Book Talk | From the War on Poverty to the War on Crime
The Race and Public Space working group at NYU’s Institute for Public Knowledge invites you to join us for a book talk for From the War on Poverty to the War on Crime: The Making of Mass Incarceration in America, by Elizabeth Hinton. The author will be present in conversation with Michael Ralph.
About the book:
In the United States today, one in every thirty-one adults is under some form of penal control, including one in eleven African American men. How did the “land of the free” become the home of the world’s largest prison system? Challenging the belief that America’s prison problem originated with the Reagan administration’s War on Drugs, Elizabeth Hinton traces the rise of mass incarceration to an ironic source: the social welfare programs of Lyndon Johnson’s Great Society at the height of the civil rights era.
Johnson’s War on Poverty policies sought to foster equality and economic opportunity. But these initiatives were also rooted in widely shared assumptions about African Americans’ role in urban disorder, which prompted Johnson to call for a simultaneous War on Crime. The 1965 Law Enforcement Assistance Act empowered the national government to take a direct role in militarizing local police. Federal anticrime funding soon incentivized social service providers to ally with police departments, courts, and prisons. Under Richard Nixon and his successors, welfare programs fell by the wayside while investment in policing and punishment expanded. Anticipating future crime, policymakers urged states to build new prisons and introduced law enforcement measures into urban schools and public housing, turning neighborhoods into targets of police surveillance.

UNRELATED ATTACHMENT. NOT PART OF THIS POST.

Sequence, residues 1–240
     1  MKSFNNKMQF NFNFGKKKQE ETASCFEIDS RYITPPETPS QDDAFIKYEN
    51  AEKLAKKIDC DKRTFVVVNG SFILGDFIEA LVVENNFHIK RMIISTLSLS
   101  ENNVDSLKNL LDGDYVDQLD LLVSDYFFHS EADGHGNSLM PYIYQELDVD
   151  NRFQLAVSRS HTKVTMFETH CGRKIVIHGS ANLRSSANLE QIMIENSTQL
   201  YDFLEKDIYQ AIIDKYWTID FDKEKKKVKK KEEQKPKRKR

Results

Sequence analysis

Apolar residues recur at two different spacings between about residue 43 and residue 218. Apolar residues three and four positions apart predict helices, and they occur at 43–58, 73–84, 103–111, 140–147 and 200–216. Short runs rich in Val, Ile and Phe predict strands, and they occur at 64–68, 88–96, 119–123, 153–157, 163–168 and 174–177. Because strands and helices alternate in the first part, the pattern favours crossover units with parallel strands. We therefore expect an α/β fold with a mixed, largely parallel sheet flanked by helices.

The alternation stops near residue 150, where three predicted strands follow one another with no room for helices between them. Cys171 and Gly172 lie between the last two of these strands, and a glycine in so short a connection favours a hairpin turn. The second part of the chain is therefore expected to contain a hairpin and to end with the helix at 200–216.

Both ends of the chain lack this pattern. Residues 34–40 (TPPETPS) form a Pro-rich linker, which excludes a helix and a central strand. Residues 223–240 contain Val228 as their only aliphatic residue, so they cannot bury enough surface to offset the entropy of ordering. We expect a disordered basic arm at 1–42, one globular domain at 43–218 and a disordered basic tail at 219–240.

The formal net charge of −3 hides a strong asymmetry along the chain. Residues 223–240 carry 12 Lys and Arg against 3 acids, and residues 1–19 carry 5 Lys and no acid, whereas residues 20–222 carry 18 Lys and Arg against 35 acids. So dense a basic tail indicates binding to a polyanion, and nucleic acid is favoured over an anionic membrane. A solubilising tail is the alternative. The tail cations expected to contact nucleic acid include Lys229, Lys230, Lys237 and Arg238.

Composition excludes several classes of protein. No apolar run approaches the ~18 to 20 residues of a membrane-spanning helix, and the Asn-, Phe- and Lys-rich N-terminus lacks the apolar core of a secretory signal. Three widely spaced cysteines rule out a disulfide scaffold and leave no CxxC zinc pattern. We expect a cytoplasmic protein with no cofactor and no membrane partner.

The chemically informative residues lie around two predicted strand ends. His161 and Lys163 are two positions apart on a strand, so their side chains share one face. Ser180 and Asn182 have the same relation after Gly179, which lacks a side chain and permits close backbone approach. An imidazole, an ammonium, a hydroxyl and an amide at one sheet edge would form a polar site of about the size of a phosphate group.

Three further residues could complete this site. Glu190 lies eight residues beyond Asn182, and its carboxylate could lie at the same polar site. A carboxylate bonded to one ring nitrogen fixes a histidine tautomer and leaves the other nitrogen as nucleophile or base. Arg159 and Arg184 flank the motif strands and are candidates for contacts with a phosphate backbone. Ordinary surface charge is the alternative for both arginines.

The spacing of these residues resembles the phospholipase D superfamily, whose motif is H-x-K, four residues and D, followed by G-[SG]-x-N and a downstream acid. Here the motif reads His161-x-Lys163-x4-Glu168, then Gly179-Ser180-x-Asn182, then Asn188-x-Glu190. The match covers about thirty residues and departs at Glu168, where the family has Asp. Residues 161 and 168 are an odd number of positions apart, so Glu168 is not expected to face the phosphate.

By the 1980s, crime control and incarceration dominated national responses to poverty and inequality. The initiatives of that decade were less a sharp departure than the full realization of the punitive transformation of urban policy implemented by Republicans and Democrats alike since the 1960s.
Elizabeth Hinton is Assistant Professor in the Department History and the Department of African and African American Studies at Harvard University. Hinton’s research focuses on the persistence of poverty and racial inequality in the 20th century United States. Her current scholarship considers the transformation of domestic social programs and urban policing after the Civil Rights Movement. Before joining the Harvard faculty, Hinton spent two years as a Postdoctoral Scholar in the Michigan Society of Fellows and Assistant Professor in the Department of Afroamerican and African Studies at the University of Michigan. A Ford Foundation Fellow, Hinton completed her Ph.D. in United States History from Columbia University in 2012.
Michael Ralph is associate professor in the Department of Social and Cultural Analysis and Director of Metropolitan Studies at New York University. He has published in Social Text, Souls, and South Atlantic Quarterly. He is a member of the Social Text Editorial Collective, the Souls Editorial Working Group, and the editorial boards of Transforming Anthropology and Sport in Society.